The Bay Bridge’s self-anchored design would be different: Instead of being anchored at both ends of the span, its main cable would soar up into a figure-eight-style sling – looping over the tower, then under the road decks at one end of the bridge and back to twin anchorages under the deck on the eastern side.
Kriken embraced the self-anchored design for the new project. “It was distinctive and different,” he said.
The bridge panel was told the cost would be about the same as for a cable-stayed bridge – a span that does not rely on a main cable but instead smaller cables that fan outward from a central tower.
“You probably see a thousand of them on any visit to China,” Kriken said. “It is all they ever do. It wasn’t a new thing like the Golden Gate Bridge, that defied the normal practice limits.”
The panel’s most ardent opponent of the self-anchored design was one of the most influential and visionary structural engineers of the 20th century, Tung-Yen (T.Y.) Lin.
The Shanghai-born innovator infused flair and grace into functional designs, embracing arches and arcs. Lin pioneered the use of prestressed concrete for buildings and bridges in the U.S., an advance that incorporated tensioned cables to create seemingly floating elements. In the 1960s, Lin persuaded the builders of the San Mateo Bridge to use a sweeping curve instead of an erector-set-style design when they constructed the span’s high-rise section.
It was Lin’s vision of a single-tower, cable-stayed bridge for the new eastern span that won a Chronicle readers poll in May 1998.
Lin considered the self-anchored rival clunky and inefficient. He hated that it would require costly steel buttressing known as falsework during much of the construction; the unfinished structure could not stand on its own. Its all-but-untested design, he felt, would require many innovations that would prove expensive over time.
In the end, Lin said in an interview before his death in 2003, the result would not compare to the elegantly simple symmetry of a suspension bridge or the functionality of a cable-stayed.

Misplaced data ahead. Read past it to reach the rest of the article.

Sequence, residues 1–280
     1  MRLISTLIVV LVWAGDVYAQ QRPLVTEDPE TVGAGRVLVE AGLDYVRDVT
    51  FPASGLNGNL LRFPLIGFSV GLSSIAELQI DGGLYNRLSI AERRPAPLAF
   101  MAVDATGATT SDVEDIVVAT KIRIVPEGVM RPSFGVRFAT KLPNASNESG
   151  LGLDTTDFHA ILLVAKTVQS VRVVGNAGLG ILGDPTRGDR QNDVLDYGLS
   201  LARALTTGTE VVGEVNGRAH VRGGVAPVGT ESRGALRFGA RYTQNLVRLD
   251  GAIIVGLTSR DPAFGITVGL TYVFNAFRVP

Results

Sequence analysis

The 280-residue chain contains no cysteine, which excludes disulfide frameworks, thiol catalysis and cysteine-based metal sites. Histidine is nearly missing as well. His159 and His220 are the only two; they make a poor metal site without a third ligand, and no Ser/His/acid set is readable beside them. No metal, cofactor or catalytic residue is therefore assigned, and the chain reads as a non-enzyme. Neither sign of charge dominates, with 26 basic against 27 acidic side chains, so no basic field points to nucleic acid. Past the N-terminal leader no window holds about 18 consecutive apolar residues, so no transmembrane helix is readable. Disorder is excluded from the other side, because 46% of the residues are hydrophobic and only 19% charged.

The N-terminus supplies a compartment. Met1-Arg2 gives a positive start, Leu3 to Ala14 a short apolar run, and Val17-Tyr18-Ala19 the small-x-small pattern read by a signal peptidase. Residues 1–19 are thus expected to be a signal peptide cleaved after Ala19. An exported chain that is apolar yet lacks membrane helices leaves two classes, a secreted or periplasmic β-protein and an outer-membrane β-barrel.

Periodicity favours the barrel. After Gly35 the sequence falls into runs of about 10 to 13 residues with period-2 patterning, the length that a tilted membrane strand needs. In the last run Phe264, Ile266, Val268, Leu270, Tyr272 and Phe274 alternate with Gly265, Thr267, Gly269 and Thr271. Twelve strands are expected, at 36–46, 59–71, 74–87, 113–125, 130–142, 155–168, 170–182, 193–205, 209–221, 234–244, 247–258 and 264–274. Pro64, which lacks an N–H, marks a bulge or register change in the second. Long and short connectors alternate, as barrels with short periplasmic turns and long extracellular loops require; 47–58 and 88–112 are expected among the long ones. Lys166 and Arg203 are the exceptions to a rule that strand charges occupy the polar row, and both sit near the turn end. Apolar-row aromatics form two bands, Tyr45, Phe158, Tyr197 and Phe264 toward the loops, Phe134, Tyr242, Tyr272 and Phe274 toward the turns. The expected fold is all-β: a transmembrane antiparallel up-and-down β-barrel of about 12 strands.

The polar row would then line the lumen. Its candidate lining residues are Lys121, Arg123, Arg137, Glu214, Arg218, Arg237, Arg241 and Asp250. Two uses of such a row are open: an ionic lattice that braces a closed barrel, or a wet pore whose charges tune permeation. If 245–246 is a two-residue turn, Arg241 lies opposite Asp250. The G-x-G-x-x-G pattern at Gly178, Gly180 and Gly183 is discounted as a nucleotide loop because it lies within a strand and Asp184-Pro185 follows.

Lin found an ally in Roumen Mladjov, a Bulgarian-born engineer who had built more than a dozen bridges over three decades before coming to California in 1990. He was on the selection panel representing the Structural Engineers Association of Northern California, a professional organization with more than 1,500 members.
At first, Mladjov was proud to sit on the committee, seeing his service as a way of giving back to the Bay Area for having embraced him when he left his homeland.
Soon, however, he grew disillusioned.
“After five or six meetings listening to these guys,” he recalled, “I started to be ashamed to be an engineer for the first time in my life.”
Mladjov saw the self-anchored span as “extremely complicated, extremely difficult.” He warned that the 20,000 tons of steel needed to support the deck during construction would add $50 million to the cost of the bridge. He was wrong – the total turned out to be more than $250 million.
To his dismay, he saw that several people on the panel were dazzled by the special span.
Many of them were “good architects, but none had been involved with bridge design,” Mladjov said. When he warned about the hidden costs and significant challenges of the self-anchored design, he said, “they just ignored it. They didn’t want to talk about this at all.”
And some of the structural engineers on the panel, who Mladjov believed should have known better, went along.
“It was obvious it was wrong, but they just stayed either mute or said, ‘OK, it will be fine, it will work,’” Mladjov said.
By spring 1998, Mladjov and Lin had mustered a plurality in favor of the cable-stayed bridge. At a May 18 meeting, 10 panelists out of the 22 attending backed it, more than those who openly embraced the self-anchored design.
Then Ephraim Gordon Hirsch, a structural engineer on the panel, stepped in.
Hirsch was a design adviser to the state commission that screened bay development projects and had done engineering for college campus buildings. He had never worked on a bridge project.
Early in the process, Hirsch called the self-anchored span one of the “dumbest ever.”
He hadn’t seen many examples of such a bridge and thought there could be construction problems. “It was unknown to me yet how they would go about building this thing,” he said in a recent interview.
But by 1998, as the panel’s deliberations stretched into a second year, the unknown had become a positive for Hirsch. He embraced the self-anchored design as a daring statement.
“It was a challenge, but not an insurmountable challenge,” he said.
Besides, Hirsch had come to see the cable-stayed idea as staid and out of place. Of all the proposals put forward, the self-anchored “seemed to be the most elegant,” he said. “I considered it most in harmony with the existing vocabulary of bridges in the Bay Area.”
Just as it appeared the cable-stayed proponents had the upper hand, Hirsch suggested that the engineers and architects behind both schemes shift their span’s tower closer to Yerba Buena Island, creating an asymmetrical design. The original rules laid down by Caltrans called for a symmetrical, balanced bridge.